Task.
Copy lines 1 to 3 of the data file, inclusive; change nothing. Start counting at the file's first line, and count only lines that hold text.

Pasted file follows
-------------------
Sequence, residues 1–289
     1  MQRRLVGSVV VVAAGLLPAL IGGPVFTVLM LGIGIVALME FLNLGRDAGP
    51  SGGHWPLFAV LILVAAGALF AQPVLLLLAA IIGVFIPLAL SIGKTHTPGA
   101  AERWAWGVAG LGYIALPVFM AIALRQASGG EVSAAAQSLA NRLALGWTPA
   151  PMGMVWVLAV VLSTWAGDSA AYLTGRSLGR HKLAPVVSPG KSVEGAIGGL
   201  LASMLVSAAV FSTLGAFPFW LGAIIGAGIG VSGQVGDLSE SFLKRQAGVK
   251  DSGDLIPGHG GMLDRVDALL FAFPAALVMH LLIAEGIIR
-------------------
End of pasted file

Sequence, residues 1–289
     1  MQRRLVGSVV VVAAGLLPAL IGGPVFTVLM LGIGIVALME FLNLGRDAGP
    51  SGGHWPLFAV LILVAAGALF AQPVLLLLAA IIGVFIPLAL SIGKTHTPGA